In the 2050s, differences in the population projections of the four SRES scenarios would have a greater impact on the number of people living in water-stressed river basins (defined as basins with per capita water resources of less than 1,000 m3/year) than the differences in the emissions scenarios (Arnell, 2004b). The number of people living in severely stressed river basins would increase significantly (Table 3.2). The population at risk of increasing water stress for the full range of SRES scenarios is projected to be: 0.4 to 1.7 billion, 1.0 to 2.0 billion, and 1.1 to 3.2 billion, in the 2020s, 2050s, and 2080s, respectively (Arnell, 2004b). In the 2050s (SRES A2 scenario), 262-983 million people would move into the water stressed category (Arnell, 2004b). However, using the per capita water availability indicator, climate change would appear to reduce global water stress. This is because increases in runoff are heavily concentrated in the most populous parts of the world, mainly in East and South-East Asia, and mainly occur during high flow seasons (Arnell, 2004b). Therefore, they may not alleviate dry season problems if the extra water is not stored and would not ease water stress in other regions of the world. [Emphasis added]

But even this acknowledgment seems grudging, and leaves a misleading impression, as can be seen by the following annotated version of the above quote. [My annotations are indicated within the quote in square brackets and are in bold.]

In the 2050s, differences in the population projections of the four SRES scenarios would have a greater impact on the number of people living in water-stressed river basins (defined as basins with per capita water resources of less than 1,000 m3/year) than the differences in the emissions scenarios (Arnell, 2004b). The number of people living in severely stressed river basins would increase significantly (Table 3.2). The population at risk of increasing water stress for the full range of SRES scenarios is projected to be: 0.4 to 1.7 billion, 1.0 to 2.0 billion, and 1.1 to 3.2 billion, in the 2020s, 2050s, and 2080s, respectively (Arnell, 2004b). [COMMENT: note that the IPCC text fails to mention that the reductions in populations at risk of water stress due to climate change are projected to be substantially higher — 0.6 to 2.4 billion, 1.8 to 4.3 billion, and 1.7 to 6.0 billion in the 2020s, 2050s and 2080s, respectively. See Table 10 from the original source.] In the 2050s (SRES A2 scenario), 262-983 million people would move into the water stressed category (Arnell, 2004b). [COMMENT: The corresponding figures for the population moving out of water stress category are 191 to 1,493 million. See Table 9 from the original source.] However, using the per capita water availability indicator, climate change would appear to reduce global water stress. This is because increases in runoff are heavily concentrated in the most populous parts of the world, mainly in East and South-East Asia, and mainly occur during high flow seasons (Arnell, 2004b). Therefore, they may not alleviate dry season problems if the extra water is not stored and would not ease water stress in other regions of the world. [COMMENT: One should expect that societies would take action to store water if that’s what is necessary to avoid water stress. Such actions are not rocket science; they are probably as old as humanity itself, and have a successful track record going back for millennia. Moreover, if the IPCC’s emission scenarios, and the economic growth rates they assume are to be believed, these societies would be much wealthier in the future and should, therefore, have access to more capital to help adapt to such problems. See here (pp. 1034-1036, Tables 1 and 10).]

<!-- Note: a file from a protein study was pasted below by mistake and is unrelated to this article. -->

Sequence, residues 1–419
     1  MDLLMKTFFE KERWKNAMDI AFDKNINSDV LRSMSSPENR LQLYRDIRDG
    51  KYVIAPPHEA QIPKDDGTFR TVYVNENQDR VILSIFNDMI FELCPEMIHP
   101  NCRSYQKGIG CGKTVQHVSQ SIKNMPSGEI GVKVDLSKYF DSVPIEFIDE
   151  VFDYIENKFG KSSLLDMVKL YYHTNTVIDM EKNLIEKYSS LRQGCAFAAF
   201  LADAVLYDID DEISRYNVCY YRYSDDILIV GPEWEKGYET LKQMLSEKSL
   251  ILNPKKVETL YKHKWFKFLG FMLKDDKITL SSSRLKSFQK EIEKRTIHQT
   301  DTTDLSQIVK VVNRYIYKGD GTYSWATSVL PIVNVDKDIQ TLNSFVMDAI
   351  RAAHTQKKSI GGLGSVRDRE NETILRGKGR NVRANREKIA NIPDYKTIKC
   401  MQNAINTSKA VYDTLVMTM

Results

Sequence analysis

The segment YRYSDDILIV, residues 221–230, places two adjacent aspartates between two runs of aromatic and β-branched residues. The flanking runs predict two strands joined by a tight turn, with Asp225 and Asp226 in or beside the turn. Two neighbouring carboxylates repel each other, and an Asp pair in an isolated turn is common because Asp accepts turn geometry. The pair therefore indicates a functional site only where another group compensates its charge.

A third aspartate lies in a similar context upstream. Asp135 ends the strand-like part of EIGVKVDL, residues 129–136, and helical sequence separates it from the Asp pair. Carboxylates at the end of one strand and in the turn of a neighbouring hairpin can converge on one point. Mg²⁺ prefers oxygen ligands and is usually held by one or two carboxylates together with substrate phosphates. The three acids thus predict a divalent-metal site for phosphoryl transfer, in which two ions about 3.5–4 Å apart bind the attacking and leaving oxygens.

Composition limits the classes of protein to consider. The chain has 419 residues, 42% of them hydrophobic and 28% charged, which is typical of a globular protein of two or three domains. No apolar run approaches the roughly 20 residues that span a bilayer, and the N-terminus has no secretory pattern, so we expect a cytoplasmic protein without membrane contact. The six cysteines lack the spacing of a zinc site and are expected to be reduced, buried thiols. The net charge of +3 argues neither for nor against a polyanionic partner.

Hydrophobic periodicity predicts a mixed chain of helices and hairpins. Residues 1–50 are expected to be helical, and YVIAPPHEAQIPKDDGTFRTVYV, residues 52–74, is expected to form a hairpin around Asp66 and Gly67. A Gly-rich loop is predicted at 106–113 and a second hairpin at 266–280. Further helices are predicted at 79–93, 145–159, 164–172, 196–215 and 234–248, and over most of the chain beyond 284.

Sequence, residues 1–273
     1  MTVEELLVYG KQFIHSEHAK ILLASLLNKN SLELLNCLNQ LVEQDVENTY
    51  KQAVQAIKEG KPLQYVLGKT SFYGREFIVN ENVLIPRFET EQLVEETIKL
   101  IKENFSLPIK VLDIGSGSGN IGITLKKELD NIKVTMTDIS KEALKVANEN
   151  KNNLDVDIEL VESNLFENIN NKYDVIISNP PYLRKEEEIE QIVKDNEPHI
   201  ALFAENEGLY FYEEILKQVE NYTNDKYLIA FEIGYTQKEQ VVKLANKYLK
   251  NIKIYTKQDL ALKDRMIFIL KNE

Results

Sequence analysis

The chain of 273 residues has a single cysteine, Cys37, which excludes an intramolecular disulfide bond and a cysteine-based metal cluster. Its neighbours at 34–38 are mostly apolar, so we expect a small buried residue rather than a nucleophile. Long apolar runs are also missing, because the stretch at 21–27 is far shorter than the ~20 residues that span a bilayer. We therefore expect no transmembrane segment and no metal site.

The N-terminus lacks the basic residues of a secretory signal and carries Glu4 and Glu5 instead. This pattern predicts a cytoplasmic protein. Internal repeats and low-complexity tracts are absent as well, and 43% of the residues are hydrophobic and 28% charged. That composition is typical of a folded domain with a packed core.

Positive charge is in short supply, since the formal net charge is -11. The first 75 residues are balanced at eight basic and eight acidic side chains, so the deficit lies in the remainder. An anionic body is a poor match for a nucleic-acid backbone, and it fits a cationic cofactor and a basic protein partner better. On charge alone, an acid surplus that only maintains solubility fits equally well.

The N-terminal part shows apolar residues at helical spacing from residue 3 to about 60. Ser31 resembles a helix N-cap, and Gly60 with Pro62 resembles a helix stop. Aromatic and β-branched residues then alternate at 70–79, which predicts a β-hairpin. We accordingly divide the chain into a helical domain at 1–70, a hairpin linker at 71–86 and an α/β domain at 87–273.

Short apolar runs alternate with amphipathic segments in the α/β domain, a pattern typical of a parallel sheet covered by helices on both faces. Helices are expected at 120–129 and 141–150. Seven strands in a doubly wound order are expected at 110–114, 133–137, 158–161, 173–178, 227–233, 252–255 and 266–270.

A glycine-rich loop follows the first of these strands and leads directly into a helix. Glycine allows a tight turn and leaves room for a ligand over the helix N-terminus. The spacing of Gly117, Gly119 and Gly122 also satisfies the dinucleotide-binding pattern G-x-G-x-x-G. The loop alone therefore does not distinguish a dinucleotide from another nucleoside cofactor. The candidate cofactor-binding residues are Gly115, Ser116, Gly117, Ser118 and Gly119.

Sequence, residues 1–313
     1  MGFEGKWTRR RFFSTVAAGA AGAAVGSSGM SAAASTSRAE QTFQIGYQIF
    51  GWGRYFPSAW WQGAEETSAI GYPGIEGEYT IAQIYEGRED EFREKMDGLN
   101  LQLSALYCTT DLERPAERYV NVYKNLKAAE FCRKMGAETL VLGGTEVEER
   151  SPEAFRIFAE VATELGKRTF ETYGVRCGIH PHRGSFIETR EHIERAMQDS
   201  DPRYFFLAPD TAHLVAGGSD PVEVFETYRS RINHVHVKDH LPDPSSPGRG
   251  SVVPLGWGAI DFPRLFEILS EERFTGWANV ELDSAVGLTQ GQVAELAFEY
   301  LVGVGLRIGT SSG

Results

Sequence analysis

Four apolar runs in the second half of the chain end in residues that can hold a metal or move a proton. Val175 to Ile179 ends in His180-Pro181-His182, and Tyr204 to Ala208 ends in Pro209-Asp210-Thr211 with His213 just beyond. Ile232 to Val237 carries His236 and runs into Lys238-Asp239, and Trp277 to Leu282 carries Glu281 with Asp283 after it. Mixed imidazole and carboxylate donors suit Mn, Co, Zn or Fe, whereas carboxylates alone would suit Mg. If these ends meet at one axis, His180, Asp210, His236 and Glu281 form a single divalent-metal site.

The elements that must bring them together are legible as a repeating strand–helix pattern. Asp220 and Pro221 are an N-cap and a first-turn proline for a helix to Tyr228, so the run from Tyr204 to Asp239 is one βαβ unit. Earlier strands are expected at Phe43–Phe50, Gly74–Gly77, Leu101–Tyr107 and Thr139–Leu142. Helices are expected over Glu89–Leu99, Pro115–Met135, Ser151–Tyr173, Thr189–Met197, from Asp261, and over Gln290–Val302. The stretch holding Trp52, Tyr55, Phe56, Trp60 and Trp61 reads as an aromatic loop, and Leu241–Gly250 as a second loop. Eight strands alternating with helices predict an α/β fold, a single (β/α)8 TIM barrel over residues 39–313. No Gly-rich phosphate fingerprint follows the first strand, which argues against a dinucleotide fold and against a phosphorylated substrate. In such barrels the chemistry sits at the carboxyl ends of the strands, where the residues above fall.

[Note that the Arnell paper is discussed in some detail here (pp. 1034-1036; Table 4), among other places.]

To summarize, with respect to water resources, Figure SPM.2 — and its clones — don’t make any false statements, but by withholding information that might place climate change in a positive light, they have perpetrated a fraud on the readers.